Healthcare has been a particularly problematic topic for businesses for almost a decade now. While it’s hard to identify the exact point at which the “old” healthcare model – affordable, employer-provided insurance provided by a major company – began to break down, its impending demise seemed apparent once serious discussion of the Affordable Care Act began in 2008. Its fate seemed sealed once the ACA passed into law.
To paraphrase Mark Twain’s comment about himself: Reports of employer-sponsored insurance’s death have been greatly exaggerated. Unexpectedly, some unforeseen events stand to breathe at least some temporary life into the employer-sponsored insurance model, starting with the ongoing controversy and rising costs associated with the ACA itself.
Leaving aside any political or popularity considerations, the ACA in its current form. is not succeeding in either creating stability or containing costs. Significant changes to the law, including elimination of the individual mandate, are causing significant premium increases. Early 2019 cost projections in Virginia, one of the first states to release an estimate, suggest increases of up to 64%. While this will vary in other states, it suggests an unwelcome – and possibly unsustainable – strong upward trend likely to be repeated elsewhere.
At the same time, the U.S. has returned to what are considered to be “normal” unemployment figures for the first time since the 2008 downturn. The Bureau of Labor Statistics has posted a 3.9% rate for April, effectively considered “full employment.” The H1B and H2B visa programs enabling recruitment of foreign workers – primarily for highly skilled and seasonal employment respectively – have also been curtailed. As a result, many employers are having to compete more aggressively to recruit new talent.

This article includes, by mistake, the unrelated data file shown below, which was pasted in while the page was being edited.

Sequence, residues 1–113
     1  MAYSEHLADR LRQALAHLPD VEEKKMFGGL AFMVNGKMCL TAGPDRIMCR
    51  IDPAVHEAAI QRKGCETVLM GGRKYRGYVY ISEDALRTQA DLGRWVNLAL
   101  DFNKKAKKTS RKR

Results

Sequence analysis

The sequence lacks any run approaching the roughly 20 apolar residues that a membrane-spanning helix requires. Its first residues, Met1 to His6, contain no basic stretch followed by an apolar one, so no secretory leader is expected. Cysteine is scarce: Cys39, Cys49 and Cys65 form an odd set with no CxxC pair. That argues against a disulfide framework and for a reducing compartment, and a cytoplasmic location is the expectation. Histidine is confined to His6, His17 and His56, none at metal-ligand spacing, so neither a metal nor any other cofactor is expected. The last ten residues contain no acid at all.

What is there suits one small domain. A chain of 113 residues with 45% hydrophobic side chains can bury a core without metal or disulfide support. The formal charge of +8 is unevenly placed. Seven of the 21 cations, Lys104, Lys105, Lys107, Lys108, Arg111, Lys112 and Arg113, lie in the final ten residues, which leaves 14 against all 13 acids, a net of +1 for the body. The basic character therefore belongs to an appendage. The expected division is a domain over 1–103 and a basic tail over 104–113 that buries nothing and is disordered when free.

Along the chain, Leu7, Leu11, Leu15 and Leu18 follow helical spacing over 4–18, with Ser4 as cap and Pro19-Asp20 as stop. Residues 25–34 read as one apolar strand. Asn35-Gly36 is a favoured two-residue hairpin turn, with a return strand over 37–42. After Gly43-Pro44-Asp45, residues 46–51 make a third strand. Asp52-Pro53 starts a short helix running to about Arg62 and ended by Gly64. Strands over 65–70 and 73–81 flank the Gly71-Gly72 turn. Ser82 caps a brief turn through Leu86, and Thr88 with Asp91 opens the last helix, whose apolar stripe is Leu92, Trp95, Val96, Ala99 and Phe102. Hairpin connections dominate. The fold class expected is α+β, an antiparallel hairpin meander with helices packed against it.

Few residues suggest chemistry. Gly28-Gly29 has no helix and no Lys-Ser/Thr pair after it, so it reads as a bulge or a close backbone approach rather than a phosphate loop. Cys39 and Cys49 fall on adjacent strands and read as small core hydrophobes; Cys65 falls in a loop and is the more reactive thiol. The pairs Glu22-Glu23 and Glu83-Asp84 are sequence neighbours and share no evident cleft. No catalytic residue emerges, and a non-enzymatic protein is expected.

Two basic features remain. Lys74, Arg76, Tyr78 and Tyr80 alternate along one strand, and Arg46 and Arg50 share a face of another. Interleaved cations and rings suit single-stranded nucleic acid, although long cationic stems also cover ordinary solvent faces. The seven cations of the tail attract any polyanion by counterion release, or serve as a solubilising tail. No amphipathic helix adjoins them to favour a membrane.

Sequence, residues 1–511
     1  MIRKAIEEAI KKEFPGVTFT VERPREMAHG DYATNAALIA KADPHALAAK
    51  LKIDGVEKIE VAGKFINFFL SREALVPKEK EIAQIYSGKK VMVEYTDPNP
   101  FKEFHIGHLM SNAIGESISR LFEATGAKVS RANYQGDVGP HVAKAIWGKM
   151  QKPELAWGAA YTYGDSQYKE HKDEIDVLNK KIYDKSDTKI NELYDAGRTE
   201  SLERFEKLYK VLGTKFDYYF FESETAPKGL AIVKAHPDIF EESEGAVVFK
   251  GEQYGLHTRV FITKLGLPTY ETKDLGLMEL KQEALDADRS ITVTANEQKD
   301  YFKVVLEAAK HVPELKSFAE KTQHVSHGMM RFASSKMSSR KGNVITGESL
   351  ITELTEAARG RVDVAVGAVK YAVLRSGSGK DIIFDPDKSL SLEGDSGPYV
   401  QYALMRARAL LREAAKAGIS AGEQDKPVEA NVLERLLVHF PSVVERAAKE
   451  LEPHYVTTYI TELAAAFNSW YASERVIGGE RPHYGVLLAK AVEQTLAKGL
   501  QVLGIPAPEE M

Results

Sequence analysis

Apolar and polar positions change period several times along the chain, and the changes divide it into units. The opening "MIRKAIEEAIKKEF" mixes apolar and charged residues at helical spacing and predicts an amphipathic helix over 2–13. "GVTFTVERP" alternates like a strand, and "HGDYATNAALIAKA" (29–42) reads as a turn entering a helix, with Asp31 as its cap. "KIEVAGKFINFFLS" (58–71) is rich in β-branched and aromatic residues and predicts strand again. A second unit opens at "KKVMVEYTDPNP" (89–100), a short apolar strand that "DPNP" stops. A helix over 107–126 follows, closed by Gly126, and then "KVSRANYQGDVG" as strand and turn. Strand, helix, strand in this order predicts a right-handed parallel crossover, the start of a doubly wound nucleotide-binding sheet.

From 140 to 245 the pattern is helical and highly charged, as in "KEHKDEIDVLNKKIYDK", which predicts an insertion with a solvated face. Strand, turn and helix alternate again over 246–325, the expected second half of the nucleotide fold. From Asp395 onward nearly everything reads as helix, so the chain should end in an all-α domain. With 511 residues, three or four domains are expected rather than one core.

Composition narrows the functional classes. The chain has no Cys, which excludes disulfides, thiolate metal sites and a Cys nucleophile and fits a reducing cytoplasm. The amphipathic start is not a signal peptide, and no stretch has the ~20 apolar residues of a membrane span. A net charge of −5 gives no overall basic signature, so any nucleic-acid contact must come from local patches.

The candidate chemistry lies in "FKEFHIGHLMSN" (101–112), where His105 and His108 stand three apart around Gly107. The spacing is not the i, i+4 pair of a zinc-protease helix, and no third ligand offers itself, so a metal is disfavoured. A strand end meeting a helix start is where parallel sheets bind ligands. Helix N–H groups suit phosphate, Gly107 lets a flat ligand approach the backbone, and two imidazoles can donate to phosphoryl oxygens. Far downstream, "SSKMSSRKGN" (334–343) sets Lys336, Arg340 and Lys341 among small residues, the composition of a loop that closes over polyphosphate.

One of the most powerful tools available to them: Health insurance. While traditional motivators such as higher wages remain effective in attracting new recruits, the ability to offer affordable group health plans provides powerful incentive for them to stay. Workers unable to afford ACA exchange premiums, or unwilling to pay for them, are more likely to be drawn to – and stick with – jobs where insurance is an option. The Society for Human Resource Management reports that 46% of employees cited health insurance as a determining factor or a positive influence in accepting their current job.
Of course, the rapid rise in insurance costs isn’t limited to the ACA marketplaces. Group insurance rates have risen too – but at a rate well below those of individual market plans. It’s still possible in most locations for employers to “shop around” for a cost-effective solution. Quite often, that shopping leads them to a PEO.
We’ve noticed this effect in action here at Trion Solutions. Many companies subject to federal insurance provision mandates find that by virtue of our size, we’re able to access group plans that would be unavailable to them on the open market. At the same time, smaller companies who aren’t obligated to offer insurance are finding that it provides a powerful competitive advantage in recruiting high quality personnel, and are following bigger firms through our door, eager to take advantage of the comparative stability and cost-containment that our benefit plans provide.
The U.S. health insurance climate is likely to remain unsettled for the foreseeable future. The only factors that appear to be reasonably certain are rising costs and insurance market instability. In those circumstances, the ability to provide employees with access to coverage may become a recruitment and retention tool that businesses can’t afford to go without.